3. Receipt of Material
After receiving the PO, the supplier will send the items.

Purchasing lets you control the items you order through receiving, inspection, transfer, and internal delivery. You can use these features to control the quantity, quality, and internal delivery of the items you receive.
4. Creation of Payables Invoice
Once you’ve received goods or service from your supplier, you’ll also receive an invoice.  Using Payables you can record invoices in a number of different ways.

With Payables you can:

  • Import/Enter invoices manually, either individually or in batches.
  • Use Quick Invoices for rapid, high-volume entry of standard invoices and credit memos that are not complex and do not require extensive online validation.
  • Automate invoice creation for periodic invoices using the Recurring Invoice functionality.
  • Use iExpenses to enter employee expense reports using a web browser.
  • Import EDI invoices processed with the e-Commerce Gateway.
  • Import XML invoices.
  • Match invoices to purchase orders or receipts to ensure you only pay what you’re supposed to be paying for.

5. Payment to Supplier
Once invoices are validated, they can be paid. Payables integrates with Oracle Payments, the E-Business Suite payment engine, to handle every form of payment, including checks, manual payments, wire transfers, EDI payments, bank drafts, and electronic funds transfers.  Payables also integrates with Oracle Cash Management to support automatic or manual reconciliation of your payments with bank statements sent by the bank.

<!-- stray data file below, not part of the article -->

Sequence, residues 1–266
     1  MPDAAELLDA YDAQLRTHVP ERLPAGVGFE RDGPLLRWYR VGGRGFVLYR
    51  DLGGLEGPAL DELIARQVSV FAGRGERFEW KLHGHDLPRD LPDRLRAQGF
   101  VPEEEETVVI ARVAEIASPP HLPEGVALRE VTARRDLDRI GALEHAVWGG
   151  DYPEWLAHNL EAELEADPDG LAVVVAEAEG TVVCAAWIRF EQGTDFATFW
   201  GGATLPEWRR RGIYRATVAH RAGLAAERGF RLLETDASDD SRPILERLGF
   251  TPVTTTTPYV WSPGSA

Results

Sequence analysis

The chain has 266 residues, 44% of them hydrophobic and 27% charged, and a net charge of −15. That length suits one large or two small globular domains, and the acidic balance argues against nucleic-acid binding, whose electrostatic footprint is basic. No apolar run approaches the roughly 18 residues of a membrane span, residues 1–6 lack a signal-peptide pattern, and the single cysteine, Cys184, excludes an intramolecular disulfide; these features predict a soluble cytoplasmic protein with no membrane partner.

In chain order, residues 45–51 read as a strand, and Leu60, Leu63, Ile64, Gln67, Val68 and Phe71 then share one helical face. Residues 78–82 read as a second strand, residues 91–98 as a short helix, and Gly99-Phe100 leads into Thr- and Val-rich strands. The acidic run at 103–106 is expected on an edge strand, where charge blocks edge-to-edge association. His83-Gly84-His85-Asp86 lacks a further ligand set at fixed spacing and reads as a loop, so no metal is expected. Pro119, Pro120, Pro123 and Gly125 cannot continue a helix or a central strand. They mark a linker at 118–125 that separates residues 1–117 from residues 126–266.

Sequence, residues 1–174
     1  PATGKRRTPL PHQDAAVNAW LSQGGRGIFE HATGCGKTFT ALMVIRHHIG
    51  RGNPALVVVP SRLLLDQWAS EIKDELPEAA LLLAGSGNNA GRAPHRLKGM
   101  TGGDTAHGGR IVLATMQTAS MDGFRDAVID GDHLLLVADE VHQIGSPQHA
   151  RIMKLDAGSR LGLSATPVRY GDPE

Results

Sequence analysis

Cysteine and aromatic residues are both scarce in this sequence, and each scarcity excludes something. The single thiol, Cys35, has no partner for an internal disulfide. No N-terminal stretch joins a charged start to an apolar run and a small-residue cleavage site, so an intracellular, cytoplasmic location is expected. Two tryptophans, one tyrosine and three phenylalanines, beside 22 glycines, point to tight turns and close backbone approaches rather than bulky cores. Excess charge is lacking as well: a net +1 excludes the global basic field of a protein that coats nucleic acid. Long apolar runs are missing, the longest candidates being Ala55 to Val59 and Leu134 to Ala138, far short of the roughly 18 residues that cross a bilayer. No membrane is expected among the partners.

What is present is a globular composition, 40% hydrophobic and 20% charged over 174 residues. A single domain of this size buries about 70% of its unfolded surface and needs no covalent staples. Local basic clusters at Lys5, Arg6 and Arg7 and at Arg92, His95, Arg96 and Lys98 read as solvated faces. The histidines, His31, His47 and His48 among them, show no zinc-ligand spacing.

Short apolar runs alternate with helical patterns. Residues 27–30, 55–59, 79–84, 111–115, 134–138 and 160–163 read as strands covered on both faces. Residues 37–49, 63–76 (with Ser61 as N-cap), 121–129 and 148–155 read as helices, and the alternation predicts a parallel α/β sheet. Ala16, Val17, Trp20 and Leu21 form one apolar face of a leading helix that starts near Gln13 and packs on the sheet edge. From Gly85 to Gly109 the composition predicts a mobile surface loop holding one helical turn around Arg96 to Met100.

This is how the P2P Cycle occurs in Oracle Apps.

When we install Oracle Database by default system will creates SYS and SYSTEM schemas. These consist of all Data Dictionary Tables. Like this if we install Oracle Applications System will automatically creates schemas of all Modules (i.e. GL, AR, AP, etc.) with the respective module name as User and Password. Along with these schemas some special Schemas i.e. APPS, APPLSYS, APPLSYSPUB will be created for special purpose.

APPS Schema:

  • It is Public Schema.
  • The APPS schema is an ORACLE schema that has access to the complete Oracle Applications data model. It is analogous to the SYSTEM schema, which has access to the entire database.
  • AutoInstall creates the necessary grants and synonyms between the schemas.
  • Oracle Applications responsibilities connect to an APPS schema.
  • There is one APPS schema for every product installation group.
  • It consists of a collection of public synonym of all the objects of all the schemas in the Application database. All the Procedures, Functions and Packages created must be stored in this Schema.

This is a special Schema consists of the files starts with FND, ALR, WF and AD.
This schema is a collection of public synonyms of all FND Tables, which are used for User verification. This is the Gate Way User ID of Oracle Applications.